By Cecelia Byers, Pharm.D., Specialty Clinical Product Advisor at Surescripts
Ask any pharmacist and they will tell you – the treatment journey for those living with specialty conditions can not only be costly, but complex.
In fact, specialty medications now account for more than half of medicine spending in the U.S. and retail prices for widely used specialty drugs increased at more than three times the rate of general inflation in 2020. At the same time, the burden of prior authorizations is growing, with 57% of pharmacists reporting an increasing number of requirements and a quarter state that they still use fax machines to process them.
What does this mean for prescribers, specialty pharmacists, and patients? Too often, inefficient, manual processes – from the way prescriptions are sent to specialty pharmacies to communication among those responsible for delivering medications – cause unnecessary delays in care and prevent people from obtaining the medications they desperately need. But with new technology solutions emerging across the industry, we have a real opportunity to eliminate friction throughout the entire specialty journey.
Supporting Healthcare Professionals and Powering Patient Care Teams
Fulfilling specialty medications requires much more patient and clinical information than non-specialty prescriptions. Manually gathering this information can take an inordinate amount of time and effort, especially completing the process of prior authorization, which is notoriously error-prone and a major source of delays for pharmacists and prescribers alike.
Often, specialty pharmacies will work with prescribers to initiate or complete the prior authorization, requiring clinical and insurance benefit information to ensure an understanding of not only alternative medications but the costs patients can expect. This prompts the need for additional financial assistance from either copay assistance programs or non-profit foundations.
While these actions are taking place, patients and their caregivers often experience a time-consuming process themselves, filled with unknowns and time spent worrying and wondering when they’ll start treatment. During my time as a specialty pharmacist, patients would often call me and say, “I called my doctor, but my doctor told me to call you.” Or, I would call them and say, “We need you to call your doctor and try to get them to take action on this next step.” Unfortunately, patients are often caught in the middle, either having to take action or being stuck with inaction.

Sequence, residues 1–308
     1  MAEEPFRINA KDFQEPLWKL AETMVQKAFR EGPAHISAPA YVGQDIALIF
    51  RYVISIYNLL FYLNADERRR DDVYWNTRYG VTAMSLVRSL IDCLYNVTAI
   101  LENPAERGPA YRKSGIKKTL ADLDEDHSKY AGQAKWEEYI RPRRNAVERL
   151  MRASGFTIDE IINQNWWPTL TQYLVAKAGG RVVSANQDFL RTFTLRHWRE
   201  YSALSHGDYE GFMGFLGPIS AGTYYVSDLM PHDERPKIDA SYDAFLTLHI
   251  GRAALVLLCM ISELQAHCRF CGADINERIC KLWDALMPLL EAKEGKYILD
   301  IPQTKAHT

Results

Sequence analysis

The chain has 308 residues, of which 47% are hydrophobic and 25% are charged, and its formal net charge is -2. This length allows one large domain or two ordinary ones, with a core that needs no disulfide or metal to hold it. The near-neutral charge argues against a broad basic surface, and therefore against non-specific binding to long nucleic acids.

But today, services such as Electronic Prior Authorization have taken off, enabling pharmacists to start prior authorization requests as part of their workflow. We’ve also seen tremendous growth of programs like Surescripts’ Specialty Medications Gateway and Specialty Patient Enrollment which deliver patient specific clinical data, from the prescriber’s electronic health record, directly to the specialty pharmacies when more information is needed. The number of Specialty Medications Gateway transactions was 421% higher in the first five months of 2022 compared to the same time period in 2021.
By streamlining these processes, we can better help specialty pharmacies serve patients with serious and complex illnesses and get them started on treatment faster.
Although not initially used for specialty prescribing, Real-Time Prescription Benefit enables prescribers to see cost information upfront for specialty medications. This solution not only supports prescribers with the medication selection process but allows them to consider what medications health insurance companies will cover and what those costs will be. In May alone, prescribers using Real-Time Prescription Benefit saved patients an average of $534.74 per specialty prescription. Using this solution at the point of prescribing can mitigate uncomfortable price conversations when patients reach the specialty pharmacy.
Building a Better Specialty Experience
When information is available at the moment it matters most, it means one less phone ringing, one less fax machine spewing paper and time saved across our healthcare system. This time cannot be measured by just the length of a phone call – it is time given back to patients, who no longer need to wait and worry about the next steps of their treatment.
As we look ahead, I am optimistic that our industry will become more committed to the vision of electronic integrations – making digital information sharing and electronic prescribing the norm. By integrating these tools across our industry, we can give pharmacists and physicians time back to focus on what matters most – our patients.